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Portland Trail Blazers 2015-16 Season Predictions: The National Media’s Take

Monday, October 26, 2015

 

With the 2015-16 NBA season as “around the corner” as can possibly be, the Oregon Sports News roster is set to participate in a Portland Trail Blazers Roundtable Discussion next week. The OSN roster will hit the topics that are on Rip City’s mind entering the newest rebuild, and the participating columnists will make their predictions on how this year goes for the defending Northwest Division champions.

Before we bless our faithful readers with this comprehensive look, it’s important to recognize what the national media is saying at this point in the process. Spoiler alert: It’s not largely positive. 

With less than a week to go until the season-opener against the New Orleans Pelicans, Portland is hoping it can exceed expectations in the post-LaMarcus Aldridge (and virtually everyone else) era.

Here’s an aggregate look at how those across the league see the Trail Blazers’ outlook at this juncture.

Kevin Pelton, ESPN (Insider)

Win-Loss Prediction: 31-51
Conference Finish: 11th

Telling Passage

Obviously, Portland lost more production than any team in the NBA over the summer. Players responsible for more than 60 percent of the Blazers' 2014-15 points and nearly two-thirds of their rebounds have departed. Still, don't pencil Portland in among the league's bottom five teams. There's more talent here than the reputations of the Blazers' players might indicate. Aminu and McCollum are favorites of ESPN's real plus-minus; Davis, Leonard and Plumlee are high-efficiency scorers; and Vonleh has the potential to help right away.
Portland's inexperience and limited outside shooting on the wing will probably prevent the team from making a playoff push, but if veteran coach Terry Stotts can find the right combinations to get the most out of the new pieces, the Blazers could remain competitive. Thirty wins is a realistic baseline, and RPM-based projections show Portland closer to 40 wins than 30.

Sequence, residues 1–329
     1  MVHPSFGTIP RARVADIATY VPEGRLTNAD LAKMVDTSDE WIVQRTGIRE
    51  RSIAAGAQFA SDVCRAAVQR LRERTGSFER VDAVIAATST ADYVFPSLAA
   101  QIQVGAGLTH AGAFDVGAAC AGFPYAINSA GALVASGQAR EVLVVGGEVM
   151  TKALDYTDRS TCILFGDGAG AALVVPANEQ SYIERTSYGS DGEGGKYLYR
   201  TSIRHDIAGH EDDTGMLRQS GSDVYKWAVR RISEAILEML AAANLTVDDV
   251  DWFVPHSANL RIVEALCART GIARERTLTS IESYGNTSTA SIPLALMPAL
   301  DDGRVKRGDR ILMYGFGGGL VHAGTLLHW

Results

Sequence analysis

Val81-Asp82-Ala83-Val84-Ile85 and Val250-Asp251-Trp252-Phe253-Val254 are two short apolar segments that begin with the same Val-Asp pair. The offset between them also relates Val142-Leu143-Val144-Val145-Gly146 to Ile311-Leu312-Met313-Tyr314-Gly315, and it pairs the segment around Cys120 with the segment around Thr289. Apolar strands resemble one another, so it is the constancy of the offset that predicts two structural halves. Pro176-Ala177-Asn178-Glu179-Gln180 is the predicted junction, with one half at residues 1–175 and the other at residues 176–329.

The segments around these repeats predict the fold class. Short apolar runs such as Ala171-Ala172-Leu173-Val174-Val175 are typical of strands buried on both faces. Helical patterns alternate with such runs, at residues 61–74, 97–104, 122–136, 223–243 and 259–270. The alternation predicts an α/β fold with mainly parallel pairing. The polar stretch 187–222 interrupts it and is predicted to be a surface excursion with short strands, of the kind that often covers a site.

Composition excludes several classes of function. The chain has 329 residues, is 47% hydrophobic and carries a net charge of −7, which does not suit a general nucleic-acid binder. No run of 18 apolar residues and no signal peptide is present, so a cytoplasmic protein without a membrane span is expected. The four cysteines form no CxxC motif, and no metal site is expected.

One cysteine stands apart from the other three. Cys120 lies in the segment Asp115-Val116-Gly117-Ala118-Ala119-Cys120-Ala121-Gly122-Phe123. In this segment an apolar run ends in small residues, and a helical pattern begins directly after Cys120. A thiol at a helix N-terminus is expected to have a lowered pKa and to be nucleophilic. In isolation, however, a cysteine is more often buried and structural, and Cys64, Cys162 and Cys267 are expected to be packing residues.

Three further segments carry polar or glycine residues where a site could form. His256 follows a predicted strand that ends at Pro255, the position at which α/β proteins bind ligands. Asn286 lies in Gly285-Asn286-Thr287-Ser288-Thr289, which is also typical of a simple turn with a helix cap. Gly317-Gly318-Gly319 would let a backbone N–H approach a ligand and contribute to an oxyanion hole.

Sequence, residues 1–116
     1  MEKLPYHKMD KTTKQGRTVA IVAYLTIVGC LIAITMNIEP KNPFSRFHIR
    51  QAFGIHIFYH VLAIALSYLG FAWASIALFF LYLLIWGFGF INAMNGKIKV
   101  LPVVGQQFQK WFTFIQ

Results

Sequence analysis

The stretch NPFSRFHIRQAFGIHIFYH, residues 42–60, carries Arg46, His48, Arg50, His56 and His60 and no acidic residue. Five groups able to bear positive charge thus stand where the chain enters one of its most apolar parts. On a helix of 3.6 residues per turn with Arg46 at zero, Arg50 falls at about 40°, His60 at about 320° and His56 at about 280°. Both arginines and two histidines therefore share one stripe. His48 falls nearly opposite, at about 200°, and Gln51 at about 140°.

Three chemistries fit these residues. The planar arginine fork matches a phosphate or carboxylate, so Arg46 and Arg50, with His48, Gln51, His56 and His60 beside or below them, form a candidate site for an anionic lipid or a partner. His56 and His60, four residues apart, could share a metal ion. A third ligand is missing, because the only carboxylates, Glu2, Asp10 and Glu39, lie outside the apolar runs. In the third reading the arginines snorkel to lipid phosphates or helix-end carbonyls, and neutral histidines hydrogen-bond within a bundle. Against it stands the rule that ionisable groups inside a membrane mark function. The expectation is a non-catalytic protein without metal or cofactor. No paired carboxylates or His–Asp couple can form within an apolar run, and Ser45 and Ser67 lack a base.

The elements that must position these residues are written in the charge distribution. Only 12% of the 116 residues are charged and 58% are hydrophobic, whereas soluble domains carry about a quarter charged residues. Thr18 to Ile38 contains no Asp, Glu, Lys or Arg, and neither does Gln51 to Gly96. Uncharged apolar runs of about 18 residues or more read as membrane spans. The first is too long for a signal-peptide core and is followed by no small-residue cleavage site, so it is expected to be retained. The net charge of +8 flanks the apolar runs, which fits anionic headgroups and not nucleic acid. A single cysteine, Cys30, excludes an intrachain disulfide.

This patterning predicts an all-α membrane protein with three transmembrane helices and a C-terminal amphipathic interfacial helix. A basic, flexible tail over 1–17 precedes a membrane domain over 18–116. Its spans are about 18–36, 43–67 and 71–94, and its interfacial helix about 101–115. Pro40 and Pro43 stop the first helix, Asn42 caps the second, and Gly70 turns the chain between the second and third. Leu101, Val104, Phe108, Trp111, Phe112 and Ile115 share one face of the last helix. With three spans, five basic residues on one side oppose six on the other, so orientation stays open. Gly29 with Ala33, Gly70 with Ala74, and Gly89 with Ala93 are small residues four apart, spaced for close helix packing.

Assuming they're out of the playoff race, the Blazers won't have much incentive to milk every win out of this season, which could limit their total. This year may end up looking like 2012-13, Lillard's rookie campaign, when Portland was 33-36 before losing its final 13 games.

Dan Favale, Bleacher Report

W-L Prediction: 22-60
Division Finish: 5th

Telling Passage

Success and failure will be measured by whether the Blazers have an actual core in place. Stotts will experiment. There will be different starting lineups and shifting second units. The Blazers, in all likelihood, will make some midseason changes once they have a better idea of what works.
In doing that, Portland will forfeit its ability to do much of anything. This team will not be the second coming of the 2013-14 Phoenix Suns, throwing the West for a loop by sniffing the postseason. The Northwest Division crown will go back to the Oklahoma City Thunder, and Portland will be left looking up at the Utah Jazz, Denver Nuggets and, yes,Minnesota Timberwolves.
These Blazers will be exactly who they were built to be: a marginally competitive basketball team dedicated to finding out which of its current players are worth keeping around.  

Paul Flannery & Tom Ziller (SB Nation)

W-L Prediction: N/A
Conference Standing: N/A

Telling Passage

I think 25-30 wins is about right given the West-heavy schedule. Really, if Dame misses any games, those are straight losses. The wins will come against East teams and a couple fellow travelers in the Northwest Division. (Hello Wolves and Nuggets.)
But I also think this can be a quick turnaround. No need to tear any more drywall down. 

Brett Koremenos (RealGM)

W-L Prediction: 39-43 (Best-Case Scenario); 28-54 (Worst-Case Scenario)
Conference Finish: N/A

Telling Passage

What’s left on this roster are a number of players that typically rely heavily on others to create openings in the defense for them. Which is where Lillard comes in. Over the past few seasons, we’ve all seen how effective he is as a scorer, as Lillard’s two straight seasons of averaging over 20 points per game attest to. But without Aldridge, or ever Batum and Matthews to share the burden of creating good offense, it will fall solely on Lillard to not just create shots for himself, but the rest of the team as well.
This is where Lillard’s game needs to reach a new level, as last year he finished just 20th in Assist Opportunities (passes to a teammate that lead to a shot attempt, made or not), per NBA.com’s player tracking data. For someone who played with as many weapons as he did last season and has the ability to make a wide variety of passes, that rank is shockingly low.